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What the Trent Brown Trade Means For New England Patriots Roster

The New England Patriots acquired offensive tackle Trent Brown from the Las Vegas Raiders, and this move will have impacts on the roster.
Trent Brown Patriots

The New England Patriots made waves early this morning, acquiring Trent Brown from the Las Vegas Radiers. Brown, of course, played a big role in New England’s sixth championship, and the Patriots obviously want him to be a major contributor to the 2021 Patriots. However, this move will send a ripple across the rest of the New England Patriots roster.

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How the Trent Brown Trade Affects the New England Patriots Roster

Marcus Cannon A Likely Cut

Trent Brown played left tackle during his first stint in New England, but that was out of necessity. The Patriots lost Nate Solder to free agency and Isaiah Wynn to injury, so New England needed Brown to protect Tom Brady’s blindside. While he’s certainly capable of filling that role, he is more natural on the right side.

We know Brown is going to grab one of the starting spots, and Isaiah Wynn has played well when healthy. Marcus Cannon, on the other hand, started to show signs of slowing down in 2019 and could have been a cap casualty in 2020 had he not opted out. The Patriots can save just over $7 million in salary cap space by parting ways with the former fifth-round pick, meaning that Cannon could have been on the way out even before the Trent Brown trade. Now that it’s official, three-time Super Bowl champion Marcus Cannon is as good as gone.

Joe Thuney Will Get Paid Somewhere Else

The changes to the offensive line won’t stop there, as Joe Thuney is set to test free agency in the coming weeks. The Washington Football Team used the franchise tag on Brandon Scherff, meaning that Thuney is easily the best guard on the open market.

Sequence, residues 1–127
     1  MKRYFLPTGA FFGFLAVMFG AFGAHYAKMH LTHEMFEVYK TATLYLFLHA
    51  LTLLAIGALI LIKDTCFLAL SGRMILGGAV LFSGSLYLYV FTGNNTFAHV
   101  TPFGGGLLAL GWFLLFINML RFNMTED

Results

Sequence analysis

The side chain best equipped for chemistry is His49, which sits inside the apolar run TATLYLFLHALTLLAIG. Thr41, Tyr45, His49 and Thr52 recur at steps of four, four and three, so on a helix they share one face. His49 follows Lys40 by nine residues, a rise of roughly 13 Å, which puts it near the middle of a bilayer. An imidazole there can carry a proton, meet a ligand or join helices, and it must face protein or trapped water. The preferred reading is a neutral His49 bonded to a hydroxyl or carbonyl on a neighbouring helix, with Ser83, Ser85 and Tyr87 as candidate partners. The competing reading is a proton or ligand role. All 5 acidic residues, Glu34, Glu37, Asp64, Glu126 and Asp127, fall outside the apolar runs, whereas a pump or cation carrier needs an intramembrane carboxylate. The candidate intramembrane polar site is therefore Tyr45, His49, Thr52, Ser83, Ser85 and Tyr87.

It’s highly unlikely the Patriots use the franchise tag on Thuney for the second straight season, and New England probably won’t be the highest bidder for the services of the former third-round pick. The Patriots and Thuney reportedly aren’t close to reaching an agreement, which means that New England is already starting to prepare for life without their stalwart guard.

This trade gives New England the ability to maintain a top-five offensive line, even without one of the best guards in the league. Brown and Mason are among the best players at their respective positions when healthy, and Michael Onwenu was one of the best rookies in the league last year. Having Onwenu fill Thuney’s role still gives New England an above-average starter at each position, assuming the team re-signs David Andrews. Speaking of which…

Trent Brown Trade Won’t Stop New England Patriots From Spending

Prior to the trade, the New England Patriots had just over $62.4 million in available spending money. This is huge for the Patriots, as the organization normally doesn’t have the resources to spend big in March. Brown’s new contract will definitely eat into that number, but it won’t stop New England from being aggressive on the open market.

According to ESPN’s Field Yates, Brown agreed to a one-year contract prior to the trade. The deal is reportedly worth up to $11 million, but his cap hit is probably much lower than that. The Patriots are notorious for using “Not Likely to Be Earned” incentives to lower cap hits, and Brown’s contract probably utilizes the same language.

Last year, injuries limited Brown to just five games. Theoretically, New England could throw in a $2 million bonus for playing six games, and this would have no effect on the salary cap. This is nothing more than a guess, but I would assume that Brown’s actual cap number is roughly in the $6-7 million range. Chances are, moving on from Cannon would be enough to offset Brown’s new cap number.

This means that the Patriots will still have the ability to re-sign David Andrews, build a top-five offensive line, and still have all the money they’d ever need in free agency. Considering that most teams are pressed for cap space, look for Bill Belichick and company to aggressively address issues on both sides of the ball.

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